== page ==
Servicemembers separated from the United States Armed Forces, including the Reserve and National Guard, are entitled to unemployment benefits from their state unemployment insurance program while actively seeking employment. The costs to the states are reimbursed through the Federal Unemployment Compensation for Ex-servicemembers Act (UCX). UCX was enacted by Congress in 1972, modified in 1991, and codified in Federal law as Title 5 U.S. Code §8521 (Attachment A) UCX is implemented through 20 C.F.R. §614, et seq. of the Code of Federal Regulations.
The UCX is administered by the U.S. Department of Labor, which reimburses state unemployment programs for the benefits paid to unemployed servicemembers, and, the Department of Labor’s Employment and Training Administration (ETA) periodically publishes a schedule of servicemembers’ pay tables to assist the states in computing unemployment benefits (Attachment B).
Eligibility for UCX benefits is dependent upon completion of the first full term of enlistment except where discharge or early release was for the convenience of the government under an early release program; or medical disqualification, pregnancy, parenthood, or any service-incurred injury or disability; or hardship; or personality disorder or inaptitude, but only if the service was continuous for 365 days or more; or, as a member of the Reserve or National Guard, after at least 90 days of continuous active duty; and, in all cases, the separation was under honorable conditions, and in the case of officers, resignation was not for the good of the service.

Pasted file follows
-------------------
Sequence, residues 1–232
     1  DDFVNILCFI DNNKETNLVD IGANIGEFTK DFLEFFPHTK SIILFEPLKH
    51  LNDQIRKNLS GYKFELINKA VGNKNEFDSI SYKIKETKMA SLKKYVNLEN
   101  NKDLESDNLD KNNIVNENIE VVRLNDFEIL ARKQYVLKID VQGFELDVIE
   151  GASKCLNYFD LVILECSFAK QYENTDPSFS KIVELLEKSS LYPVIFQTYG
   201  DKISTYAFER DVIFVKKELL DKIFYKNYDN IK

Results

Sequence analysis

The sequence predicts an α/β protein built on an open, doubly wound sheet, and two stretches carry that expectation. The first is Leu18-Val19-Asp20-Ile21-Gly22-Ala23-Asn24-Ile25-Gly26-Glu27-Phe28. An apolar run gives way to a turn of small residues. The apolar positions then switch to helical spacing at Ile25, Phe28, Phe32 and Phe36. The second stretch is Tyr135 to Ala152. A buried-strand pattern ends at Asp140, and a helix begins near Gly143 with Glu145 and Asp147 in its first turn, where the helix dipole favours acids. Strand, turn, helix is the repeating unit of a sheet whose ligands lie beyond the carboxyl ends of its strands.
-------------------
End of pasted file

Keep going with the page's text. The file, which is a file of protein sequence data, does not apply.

The weekly benefit rate will be based on the servicemember’s high quarter earnings in the base period. Earnings in military service are based on a Federal schedule that takes into account the base pay in the servicemember’s last grade plus allowances for food and clothing.
The benefits actually paid to each unemployed servicemember are subject to the state’s regulations where the application for benefits is filed. Benefits vary from state-to-state, but servicemembers will receive the same rate and duration as civilian job seekers. Actual benefits may only be determined through consultation with the state’s unemployment office and the submission of an application for benefits.
Approximately half the states also provide unemployment insurance benefits to the spouses of servicemembers that leave their jobs when the military spouse is transferred. Time-in-service retirees and disability retirees may be entitled to full or partial unemployment insurance benefits depending upon the state where the application is filed. However, servicemembers receiving GI Education benefits and VocRehab from the VA are generally excluded. But benefits do vary, so each servicemember seeking employment should meet with the state’s representative to maximize the availability to benefits.
All states require a Certificate of Release or Discharge from Active Duty (DD Form 214 Member 4 Copy), or, in the case of the Reserve and National Guard when a DD214 is not issued, a copy of mobilization orders, to initiate the benefit claim.
The UCX is intended to make the transition from the Armed Forces to the private/public sector less daunting – use it!
5 USC Sec. 8521 (Document)
Field Register (PDF)